[op-ed snap] The impact of rising oil prices on Indian economy

Note4students

Mains Paper 3: Economy | Indian Economy

From UPSC perspective, the following things are important:

Prelims level: Not much

Mains level: Impact of rising crude oil prices on CAD, fiscal deficit, etc.


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India was a key beneficiary of falling crude oil prices between 2013 and 2015

  1. Some research had indicated that almost the entire reduction of about 0.6% of the GDP in India’s fiscal deficit between FY14 and FY16 could be attributed to the sharp fall in crude prices
  2. Lower crude prices also contributed to the narrower current account deficit
  3. But the pass-through of the fall in crude prices to retail consumers was limited
    (the government retained a large part of the benefits by hiking excise duty on retail fuel products)

Risk of rising crude prices

  1. With the US’ decision to walk away from the Iran nuclear deal and to re-impose sanctions on Iran, upside risks to crude prices cannot be ruled out

Possible impact of higher crude prices on the Indian economy

  1. We can conclude that higher crude prices will adversely affect the twin deficits of the economy(fiscal and current account deficit)
  2. It will also have impact on the monetary policy, and consumption and investment behaviour in the economy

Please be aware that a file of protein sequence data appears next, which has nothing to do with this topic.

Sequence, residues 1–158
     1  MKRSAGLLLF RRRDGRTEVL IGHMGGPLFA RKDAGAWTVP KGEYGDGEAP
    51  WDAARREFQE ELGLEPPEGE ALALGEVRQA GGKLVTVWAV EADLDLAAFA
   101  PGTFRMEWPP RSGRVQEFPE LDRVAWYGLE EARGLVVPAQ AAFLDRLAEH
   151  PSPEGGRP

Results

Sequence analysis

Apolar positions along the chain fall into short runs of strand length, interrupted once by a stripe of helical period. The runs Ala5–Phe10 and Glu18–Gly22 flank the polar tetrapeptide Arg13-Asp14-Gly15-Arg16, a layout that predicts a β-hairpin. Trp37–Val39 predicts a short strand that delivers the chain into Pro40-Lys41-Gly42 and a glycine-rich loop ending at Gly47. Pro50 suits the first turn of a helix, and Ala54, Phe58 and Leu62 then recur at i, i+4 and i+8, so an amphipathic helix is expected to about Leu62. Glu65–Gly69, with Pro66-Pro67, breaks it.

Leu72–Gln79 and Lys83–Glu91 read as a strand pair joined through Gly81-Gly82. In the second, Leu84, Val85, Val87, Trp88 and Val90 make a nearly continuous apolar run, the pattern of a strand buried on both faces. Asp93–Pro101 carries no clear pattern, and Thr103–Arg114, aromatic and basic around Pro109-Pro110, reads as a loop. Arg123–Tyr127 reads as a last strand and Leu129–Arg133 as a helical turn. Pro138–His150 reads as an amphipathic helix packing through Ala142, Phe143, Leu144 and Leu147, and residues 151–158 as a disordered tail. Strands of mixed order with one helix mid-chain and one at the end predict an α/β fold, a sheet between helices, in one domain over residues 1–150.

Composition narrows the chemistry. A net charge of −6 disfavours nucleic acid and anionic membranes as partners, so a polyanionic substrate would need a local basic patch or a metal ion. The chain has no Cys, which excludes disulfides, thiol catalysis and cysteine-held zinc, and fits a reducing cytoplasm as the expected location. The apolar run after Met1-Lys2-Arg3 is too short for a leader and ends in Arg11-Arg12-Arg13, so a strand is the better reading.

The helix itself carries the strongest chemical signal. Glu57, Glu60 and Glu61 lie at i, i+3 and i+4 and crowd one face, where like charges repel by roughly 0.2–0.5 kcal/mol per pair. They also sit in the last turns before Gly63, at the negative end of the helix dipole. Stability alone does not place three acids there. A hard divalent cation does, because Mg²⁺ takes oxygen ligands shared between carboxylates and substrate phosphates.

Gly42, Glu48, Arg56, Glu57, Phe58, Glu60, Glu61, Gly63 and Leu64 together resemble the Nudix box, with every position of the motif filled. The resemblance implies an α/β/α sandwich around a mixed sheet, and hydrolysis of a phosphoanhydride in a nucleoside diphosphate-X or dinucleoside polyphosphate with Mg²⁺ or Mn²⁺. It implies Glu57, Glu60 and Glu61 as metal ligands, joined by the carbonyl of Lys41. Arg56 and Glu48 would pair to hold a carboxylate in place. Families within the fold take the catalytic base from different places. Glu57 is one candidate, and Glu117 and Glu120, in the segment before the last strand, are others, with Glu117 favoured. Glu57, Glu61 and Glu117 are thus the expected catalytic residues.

Possible reasons behind this increase

  1. According to the recent World Economic Outlook (WEO) by the IMF, roughly 80% of the recent oil price increase was caused by deterioration in supply conditions
  2. This, however, is not the only study on the factors leading to higher crude prices
  3. The “Oil Price Dynamics” report published by the Federal Reserve Bank of New York finds that less than two-fifth of the rise in oil prices since the beginning of 2018 was on account of supply-side factors
  4. These contrasting studies lead to uncertainty regarding the sustainability of higher crude prices

Data on fiscal conditions

  1. An increase of $10 per barrel in crude prices will lead to an increase of about Rs17,000 crore (or $2.5 billion at an exchange rate of 67/$) in fuel subsidies, equivalent to 0.09% of GDP
  2. In the Union Budget 2018-19, the government had budgeted for petroleum subsidy of Rs25,000 crore, similar to that in FY18

Impact on Current Account of deficit

  1. An increase of $10 per barrel in crude oil prices will lead to an adverse impact of $10-11 billion (or 0.4% of GDP) on current account deficit
  2. There are two opposite forces at work in current account deficit. Higher oil prices will push the import bill higher;
  3. however, it will be partly offset by higher oil exports and better remittances

Possible impact on inflation

  1. With a weightage of only 2.4% in headline CPI, the adverse impact will entirely depend on the extent to which higher crude oil prices are passed on to the consumers
  2. Considering the general election next year
  3. and thus, the direct impact on CPI inflation is likely to remain muted